1. Make love, not war.   Opposites attract – in theory.  In reality, the moment you say “to–may–to” and I say “to-ma-to,” we’re ready to call the whole thing off.  Most of us choose a partner precisely because they are from Mars and we are from Venus.  They compliment us.  They know what wines go with what foods and we know how to calculate the tip.  When things gets ugly, try to recall that this is the man you defend in front of your mother or this is the woman you gave up Monday night football for.  While the behavior  may drive you crazy, you still love the person, yes?  Some things are worth fighting for; others are worth agreeing to disagree.   If you’re going to fight, fight fair.  And always make up. 
  1. Say what you mean, mean what you say.  Don’t be lazy with language.  We have an exquisite vocabulary at our disposal and yet we insist on using the same words time after time.  Although you may be very comfortable with your “love you/love you, too” routine, you can do better.  Paint word pictures or set your sentences ablaze with sizzling suggestions.  Don’t say, “You look nice” when what you really mean is “You look ravishing, delicious, or sinful.  Don’t say, “What’s different about you?” when what you’re really wondering is whether his eyes always dance with devilish delight when you mention mud wrestling.
  1. Listen, learn, leap.  Just when you think you know someone inside out, he will surprise you.  Instead of being outraged, be amazed, amused, or intrigued by what may have rocked his world.  We are curiously creative creatures trying to find our way in the world.  It’s easier to do that when we know there are th
    ose who love and trust us even if they don’t understand us.   If you love someone, drop the conditions you place on her.  Then trust her enough to know she’ll do something spectacular with your unflinching support and adoration.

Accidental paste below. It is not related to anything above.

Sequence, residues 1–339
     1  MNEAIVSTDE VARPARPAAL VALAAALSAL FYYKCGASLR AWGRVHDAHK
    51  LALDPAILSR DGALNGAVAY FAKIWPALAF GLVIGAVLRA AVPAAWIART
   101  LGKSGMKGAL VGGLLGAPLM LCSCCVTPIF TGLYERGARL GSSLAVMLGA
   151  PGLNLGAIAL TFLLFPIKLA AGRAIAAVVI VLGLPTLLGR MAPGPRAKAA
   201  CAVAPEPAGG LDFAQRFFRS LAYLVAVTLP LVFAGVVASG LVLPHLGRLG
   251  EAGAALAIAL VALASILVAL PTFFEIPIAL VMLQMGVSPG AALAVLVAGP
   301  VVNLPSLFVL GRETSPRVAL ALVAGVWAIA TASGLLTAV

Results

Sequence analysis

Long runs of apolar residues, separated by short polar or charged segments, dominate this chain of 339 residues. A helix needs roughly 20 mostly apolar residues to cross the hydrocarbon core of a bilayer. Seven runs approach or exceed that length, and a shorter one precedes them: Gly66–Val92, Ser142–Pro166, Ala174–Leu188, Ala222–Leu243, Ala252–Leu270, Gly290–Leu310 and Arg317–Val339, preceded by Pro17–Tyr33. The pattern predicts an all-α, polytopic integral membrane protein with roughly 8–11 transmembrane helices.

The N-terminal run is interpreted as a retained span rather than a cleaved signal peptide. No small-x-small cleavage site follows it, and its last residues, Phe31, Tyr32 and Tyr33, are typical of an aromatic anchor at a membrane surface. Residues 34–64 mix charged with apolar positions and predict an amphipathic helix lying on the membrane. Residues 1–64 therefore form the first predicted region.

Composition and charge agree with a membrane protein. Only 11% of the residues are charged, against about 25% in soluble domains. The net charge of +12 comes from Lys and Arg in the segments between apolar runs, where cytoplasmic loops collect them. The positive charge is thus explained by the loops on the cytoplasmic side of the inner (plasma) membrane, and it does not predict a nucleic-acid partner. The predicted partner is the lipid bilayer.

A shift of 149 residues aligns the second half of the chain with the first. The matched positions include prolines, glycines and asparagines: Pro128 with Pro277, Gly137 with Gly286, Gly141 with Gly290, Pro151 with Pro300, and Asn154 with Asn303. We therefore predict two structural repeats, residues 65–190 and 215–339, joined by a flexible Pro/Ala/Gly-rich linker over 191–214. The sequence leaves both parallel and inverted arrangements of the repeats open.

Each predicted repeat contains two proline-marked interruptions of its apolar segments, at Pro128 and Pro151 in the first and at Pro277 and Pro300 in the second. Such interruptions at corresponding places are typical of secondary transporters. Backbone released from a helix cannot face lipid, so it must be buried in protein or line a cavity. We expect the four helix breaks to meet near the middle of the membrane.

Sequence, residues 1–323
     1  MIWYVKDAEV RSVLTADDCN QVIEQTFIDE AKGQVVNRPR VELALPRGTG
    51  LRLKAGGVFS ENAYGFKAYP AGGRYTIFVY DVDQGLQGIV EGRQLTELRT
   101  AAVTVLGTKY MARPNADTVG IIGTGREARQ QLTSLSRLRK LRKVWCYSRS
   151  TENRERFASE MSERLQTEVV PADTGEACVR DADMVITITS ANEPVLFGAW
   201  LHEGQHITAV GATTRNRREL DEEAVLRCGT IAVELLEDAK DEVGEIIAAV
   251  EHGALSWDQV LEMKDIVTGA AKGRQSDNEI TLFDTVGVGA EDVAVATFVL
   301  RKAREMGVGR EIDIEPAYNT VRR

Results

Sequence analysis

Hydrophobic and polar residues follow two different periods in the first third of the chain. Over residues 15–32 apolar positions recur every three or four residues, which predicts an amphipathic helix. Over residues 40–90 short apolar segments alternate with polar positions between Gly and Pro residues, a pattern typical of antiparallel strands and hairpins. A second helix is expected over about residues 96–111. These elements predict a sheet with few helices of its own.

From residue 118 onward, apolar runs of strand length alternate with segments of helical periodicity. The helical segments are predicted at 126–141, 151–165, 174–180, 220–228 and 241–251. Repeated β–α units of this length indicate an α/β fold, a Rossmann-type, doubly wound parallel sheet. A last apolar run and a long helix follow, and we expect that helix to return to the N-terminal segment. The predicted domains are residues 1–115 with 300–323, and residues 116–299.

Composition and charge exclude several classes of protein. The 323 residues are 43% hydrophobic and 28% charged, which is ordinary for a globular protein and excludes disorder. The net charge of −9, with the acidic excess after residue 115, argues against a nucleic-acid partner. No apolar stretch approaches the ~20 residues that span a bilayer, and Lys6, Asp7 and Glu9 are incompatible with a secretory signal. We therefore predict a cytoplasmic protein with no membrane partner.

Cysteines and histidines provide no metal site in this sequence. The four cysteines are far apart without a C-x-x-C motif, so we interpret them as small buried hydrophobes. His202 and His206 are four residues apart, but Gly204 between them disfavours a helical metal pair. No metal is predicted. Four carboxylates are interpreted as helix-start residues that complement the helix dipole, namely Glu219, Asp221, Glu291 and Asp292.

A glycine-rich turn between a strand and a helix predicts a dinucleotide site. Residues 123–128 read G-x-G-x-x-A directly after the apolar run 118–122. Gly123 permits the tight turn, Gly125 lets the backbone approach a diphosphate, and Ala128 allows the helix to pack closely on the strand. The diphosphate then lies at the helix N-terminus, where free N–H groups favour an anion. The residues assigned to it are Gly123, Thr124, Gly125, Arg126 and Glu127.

9.   Ask for what you need.  Yes, it’s uncanny that the same person who can finish your sentences cannot fathom your ever-fluctuating need for space and intimacy, freedom and security, conversation and silence, carrots and carrot cake.  As nice as it would be for your loved ones to anticipate your every wish, they cannot.  There is no logic in the “If he really loved me he’d know I don’t like mayo on sandwiches made with packaged turkey slices but I love it on sandwiches made with fresh turkey.”  Or “If she really loved me she would know I already have a ¾ inch wrench but what I’m sorely lacking is a 5/8 inch wrench.”  Assume the one you love is so smitten with you that they get light headed in your presence and can’t remember anything but how much they love you.  Be gentle.  Help them help you.
9½ .  Laugh.  Often!  Need I even remind you of the importance of a sense of humor?

Square Pegs

When I moved to New Mexico I had no idea how the mountains and the high desert would shape my life.  If I felt angry, irritated, or anxious, I’d head to the trails and walk until the landscape worked its magic on my mood.  With my dog Malcolm by my side, I felt prepared for whatever crossed our path, from the mystical meeting with a javelina, to the respectful rerouting around a red racer or rattler, to the wagfest that followed our meeting of dog friends and their people on a similar path.